Ekmek, Anyone? (Continued from Last Saturday)

Manila Bulletin, November 14, 2005 | Go to article overview

Ekmek, Anyone? (Continued from Last Saturday)


Byline: SATURNINO P. JAVIER, M.D.

Several days later, it was time to explore the islands of the Greece a" collectively called the Cyclades. There could be no better choice than the island of Santorini. The trip to the island is a six-hour ferry boat ride with two stops at the islands of Palmos and Naxos.

Santorini is one of the most southerly islands in the Cyclades, lying between Ios and Anafi, with an area of approximately a hundred sq km. Arriving at the Athinios, the only port in Santorini, one is immediately struck by the frenzied activity around a" the hundreds of tourists milling around the port, the number of parked tourist buses, backpackers reading their maps, bus drivers awaiting guests and transportation assistants with placards of guest names. But immediately upon arriving at the port, the arriving guest will learn instantly why Santorini is touted as the most valuable pearl of the Greek islands.

The island is semicircularly shaped with the port situated within a circular lagoon, the caldera. The cliffs overlook the caldera where Athinios is located. These steep cliffs on the western side of Santorini, ranging in height from 150 to 300 meters, exhibit a variegated and multi-hued appearance brought about by repeated eruptions of the volcano of Santorini.

The cliffs are crowned by the wondrous towns of Fira or Chora, the capital city, and the majestic village of Oia. Situated about 300 meters above the lagoon, the view of Fira with its predominantly white houses and spots of bright blue cupolas that adorn a few Catholic and Greek Orthodox churches, crowning the cliffs that demonstrate the varied hues of black, grey, brown and taupe (occasionally interrupted by green vegetations) in contrast with the light blue sky and the deep blue sea make this truly a sight to behold.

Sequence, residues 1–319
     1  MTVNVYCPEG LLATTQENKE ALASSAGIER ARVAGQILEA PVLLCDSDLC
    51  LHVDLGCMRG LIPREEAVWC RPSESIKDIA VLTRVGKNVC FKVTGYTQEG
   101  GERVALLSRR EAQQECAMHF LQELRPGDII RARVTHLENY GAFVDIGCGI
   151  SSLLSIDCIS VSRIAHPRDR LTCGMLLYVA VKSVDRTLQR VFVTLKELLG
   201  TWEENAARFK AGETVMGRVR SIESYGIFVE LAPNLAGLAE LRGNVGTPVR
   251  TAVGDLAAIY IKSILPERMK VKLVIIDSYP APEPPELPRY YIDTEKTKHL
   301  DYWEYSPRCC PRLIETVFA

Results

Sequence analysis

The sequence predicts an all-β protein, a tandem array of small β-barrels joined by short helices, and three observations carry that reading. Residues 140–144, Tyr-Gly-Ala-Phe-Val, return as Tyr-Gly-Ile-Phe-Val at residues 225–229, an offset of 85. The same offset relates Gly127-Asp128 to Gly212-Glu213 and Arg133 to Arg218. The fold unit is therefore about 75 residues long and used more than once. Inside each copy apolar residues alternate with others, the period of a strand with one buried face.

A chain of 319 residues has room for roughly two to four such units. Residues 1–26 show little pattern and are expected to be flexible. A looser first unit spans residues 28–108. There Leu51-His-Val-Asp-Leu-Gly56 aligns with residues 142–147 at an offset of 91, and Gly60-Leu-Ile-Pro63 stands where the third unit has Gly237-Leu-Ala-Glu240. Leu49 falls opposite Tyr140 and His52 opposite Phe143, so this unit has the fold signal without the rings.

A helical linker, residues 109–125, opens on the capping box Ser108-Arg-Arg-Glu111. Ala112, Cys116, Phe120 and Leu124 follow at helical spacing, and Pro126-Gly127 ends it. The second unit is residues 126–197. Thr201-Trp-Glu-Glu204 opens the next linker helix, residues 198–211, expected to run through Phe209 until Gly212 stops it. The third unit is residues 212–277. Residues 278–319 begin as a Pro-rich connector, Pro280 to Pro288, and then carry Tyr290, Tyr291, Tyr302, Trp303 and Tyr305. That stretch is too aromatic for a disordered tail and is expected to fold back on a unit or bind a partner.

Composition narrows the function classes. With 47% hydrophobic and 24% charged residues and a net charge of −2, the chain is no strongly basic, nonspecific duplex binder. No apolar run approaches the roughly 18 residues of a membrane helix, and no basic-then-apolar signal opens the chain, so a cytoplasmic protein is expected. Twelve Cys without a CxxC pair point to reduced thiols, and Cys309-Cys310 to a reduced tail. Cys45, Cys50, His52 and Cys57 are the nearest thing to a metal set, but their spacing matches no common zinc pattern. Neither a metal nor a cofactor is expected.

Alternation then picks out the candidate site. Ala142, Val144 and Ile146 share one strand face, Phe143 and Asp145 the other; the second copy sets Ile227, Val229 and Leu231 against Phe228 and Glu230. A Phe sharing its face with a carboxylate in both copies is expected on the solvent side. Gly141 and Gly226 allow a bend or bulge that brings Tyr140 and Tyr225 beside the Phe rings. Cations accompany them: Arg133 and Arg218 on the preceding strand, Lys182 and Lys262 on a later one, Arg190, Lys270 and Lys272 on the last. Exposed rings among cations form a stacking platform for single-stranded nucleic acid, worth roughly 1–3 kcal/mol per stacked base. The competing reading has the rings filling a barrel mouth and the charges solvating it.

A cool breeze of late summer greeted us in Santorini, surely explaining why the island has become a summer holiday resort for Greeks and other Europeans. The allure of Santorini is also mired in ancient history. Many historians have linked the legendary continent of Atlantis to this island. It is widely known that the island is a result of several volcanic eruptions of which the most destructive was the one in 1500 BC. The islet of Nea Kameni, where the crater of the volcano lies, still shows huge masses of lava rocks that ultimately hint at how the area must have looked in 1500 BC. …

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Ekmek, Anyone? (Continued from Last Saturday)
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